IBM Cloud PowerVC Manager extends Openstack with the extra components. search and filtering. with no extra software or infrastructure setup. These IBM-developed applications are hosted in a secure.4. The Openstack components and IBM additions are shown in Figure 3-1. Figure 3-1 Openstack components and IBM Cloud PowerVC Manager additions For more information about IBM Cloud PowerVC Manager.0.com/abstracts/sg248199.6. multi-tenant cloud and provide health scores. Private and Hybrid Cloud features 107 .2 Cloud-based HMC Apps as a Service The new HMC Apps as a Service provides powerful insights into your IBM Power Systems infrastructure by using a set of hosted as-a-service applications.3.0. and inventory data from across their enterprise. so IBM Power Systems can be easily managed as with any other platform.0 and NovaLink v1.redbooks. which removes the burden of manual collection and collation. Chapter 3. see IBM PowerVC Version 1.1 Introduction and Configuration.1. and threshold-based alerts that can be accessed through a secure portal from desktops or mobile devices. clients can aggregate IBM Power Systems performance. By using these new applications. SG24-8199: http://www.html 3.ibm. The applications gather data that is sent by the customer HMCs over the Internet by using the built-in cloud connector that is included with HMC V8R8. auditing.

Note: As of the time of this writing. it can be organized and analyzed to provide the administrators with a single point for the following functions: 򐂰 View all IMB Power Systems.3 Open source cloud automation and configuration tooling for AIX IBM expanded its commitment to keep key open source cloud management packages updated and to provide timely security fixes to enable clients to use open source skills. NovaLinks. It is based on a client/server architecture in which the server stores the policies that are applied to nodes (known as Cookbooks) and their associated metadata. HMCs. A company with three datacenters that are consolidating information that is provided by HMC and Novalink into HMC Apps as a Service is shown in Figure 3-2. After a CookBook is created. and management of VMs. VIOS. and LPARs across the entire enterprise 򐂰 Organize and show resources by tags 򐂰 See basic health and state 򐂰 Check hardware inventory 򐂰 Aggregated performance views across your Power enterprise 򐂰 Manage thresholds and alerts When clients purchase a Power E870C or Power E880C server. the performance and inventory applications are scheduled to be offered in a technology preview in 2016 and to be followed by a full GA offering with more applications in 2017. configuring this VM according to the policies established automatically.1. 3. it can be applied to a client VM being deployed. deployment. IBM Power Systems servers are well-positioned to use the following key packages that were recently provided to enable cloud automation: 򐂰 Chef Chef is an automation platform for configuration. they are entitled to this new service offering for no extra charge. 108 IBM Power Systems E870C and E880C Technical Overview and Introduction . Figure 3-2 Logical diagram of HMC Apps as a Service consolidating information from several sites After the data is gathered.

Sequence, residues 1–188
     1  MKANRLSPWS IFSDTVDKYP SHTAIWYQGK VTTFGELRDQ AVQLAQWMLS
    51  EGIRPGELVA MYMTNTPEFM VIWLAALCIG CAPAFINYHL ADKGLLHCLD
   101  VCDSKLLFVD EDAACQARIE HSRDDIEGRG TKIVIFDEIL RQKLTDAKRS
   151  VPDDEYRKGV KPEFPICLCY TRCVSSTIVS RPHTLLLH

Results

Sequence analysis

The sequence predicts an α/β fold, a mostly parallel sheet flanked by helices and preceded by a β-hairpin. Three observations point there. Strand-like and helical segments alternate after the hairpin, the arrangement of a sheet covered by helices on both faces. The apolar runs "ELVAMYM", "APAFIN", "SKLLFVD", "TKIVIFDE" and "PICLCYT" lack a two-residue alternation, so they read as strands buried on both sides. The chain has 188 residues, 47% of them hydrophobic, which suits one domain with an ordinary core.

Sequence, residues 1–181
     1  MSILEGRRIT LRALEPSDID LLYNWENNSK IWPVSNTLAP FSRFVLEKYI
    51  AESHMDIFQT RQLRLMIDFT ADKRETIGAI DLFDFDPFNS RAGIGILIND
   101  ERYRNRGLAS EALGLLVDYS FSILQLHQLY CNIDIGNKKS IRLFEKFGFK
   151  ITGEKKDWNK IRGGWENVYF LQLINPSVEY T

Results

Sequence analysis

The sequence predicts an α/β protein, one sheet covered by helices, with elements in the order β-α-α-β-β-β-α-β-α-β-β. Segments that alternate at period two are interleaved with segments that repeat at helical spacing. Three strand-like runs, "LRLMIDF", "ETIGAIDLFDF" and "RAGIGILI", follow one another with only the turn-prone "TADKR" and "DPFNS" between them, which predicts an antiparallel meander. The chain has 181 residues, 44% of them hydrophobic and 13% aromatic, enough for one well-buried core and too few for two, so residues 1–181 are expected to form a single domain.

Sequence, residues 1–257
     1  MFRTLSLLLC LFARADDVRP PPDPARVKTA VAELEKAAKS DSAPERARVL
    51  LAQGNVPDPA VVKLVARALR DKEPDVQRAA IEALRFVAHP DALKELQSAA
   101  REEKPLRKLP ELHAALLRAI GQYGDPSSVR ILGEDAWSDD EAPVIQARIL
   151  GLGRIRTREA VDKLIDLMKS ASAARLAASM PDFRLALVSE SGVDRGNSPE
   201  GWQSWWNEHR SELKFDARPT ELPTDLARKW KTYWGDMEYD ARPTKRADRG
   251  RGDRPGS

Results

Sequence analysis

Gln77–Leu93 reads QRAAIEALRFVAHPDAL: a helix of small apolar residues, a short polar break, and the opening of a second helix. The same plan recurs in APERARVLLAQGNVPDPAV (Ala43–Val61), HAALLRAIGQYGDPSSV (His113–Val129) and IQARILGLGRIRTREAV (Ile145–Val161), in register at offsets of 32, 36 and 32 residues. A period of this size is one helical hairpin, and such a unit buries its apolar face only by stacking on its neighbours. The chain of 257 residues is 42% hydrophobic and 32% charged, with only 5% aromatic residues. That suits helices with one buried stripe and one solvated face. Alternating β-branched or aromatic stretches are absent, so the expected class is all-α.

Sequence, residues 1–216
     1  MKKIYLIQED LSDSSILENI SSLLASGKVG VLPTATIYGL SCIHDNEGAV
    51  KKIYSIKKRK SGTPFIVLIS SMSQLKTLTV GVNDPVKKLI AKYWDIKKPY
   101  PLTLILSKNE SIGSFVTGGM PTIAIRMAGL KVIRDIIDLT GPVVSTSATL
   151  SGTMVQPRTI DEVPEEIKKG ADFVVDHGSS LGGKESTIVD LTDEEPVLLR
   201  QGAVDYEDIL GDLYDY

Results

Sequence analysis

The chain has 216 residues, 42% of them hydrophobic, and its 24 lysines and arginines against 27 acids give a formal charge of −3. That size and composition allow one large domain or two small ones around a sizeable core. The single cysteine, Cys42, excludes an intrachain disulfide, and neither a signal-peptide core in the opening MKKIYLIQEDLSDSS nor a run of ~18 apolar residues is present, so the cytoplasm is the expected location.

a user can clone a project. non-blocking I/O model that makes it lightweight and efficient. talked to the owner of the code to explain the changes.chef.js is available for Linux and AIX platforms and can be downloaded from this website: https://nodejs. grow file systems.js uses an event-driven. and notify the owner that can publish the changes automatically with version control. GitHub provides a web-based interface. package.com/systems/power/software/aix/linux/toolbox/alpha.js is a platform that is built on JavaScript for building fast and scalable applications.js Node. which is ideal for data-intensive and real-time applications that run across distributed devices. set a default locale. download and change only the needed files. and handle temporary mount points. Modified (Yum) allows for automatic updates. With GitHub. In the past. it can be extended to perform other tasks that are specific to a customer environment. Node. Chef-client for AIX is now enhanced with new recipes and the AIX cookbook is available at this website: https://supermarket. Node. and then got the owner’s approval to apply your changes to the official code.html 򐂰 GitHub GitHub is a version control system that manages and stores revisions of projects. if you wanted to contribute to an open source project. After Cloud-init is script based.io/cookbooks/aix/ 򐂰 Yum Yellowdog Updater.ibm. For more information. set hostnames. Open source projects for AIX can be found at the following repository: http://github. It uses Openstack metadata information to set a root password. see the following AIX Toolbox for Linux Applications website: http://www. such as task management and wikis. and several collaboration features. IBM is collaborating with clients in this community to provide useful resources for the use of Chef with AIX systems.ibm. Cloud-init and its dependencies are available and include support for licensed AIX users. It is now available with repository access from FTP and https protocols for AIX. Yum also is updated to enable automatic dependency discovery. made and noted changes. access control. you download the source code. generate ssh private keys.org/en/download/ Chapter 3.com/systems/power/software/aix/linux/toolbox/alpha. Private and Hybrid Cloud features 109 .html 򐂰 Cloud-init Cloud-init is a tool that helps with the early initialization of a VM that is being deployed. and dependency management on RPM-based distributions.org/aixoss 򐂰 Node. For more information. see the following AIX Toolbox for Linux Applications website: http://www. pull the new code to the platform.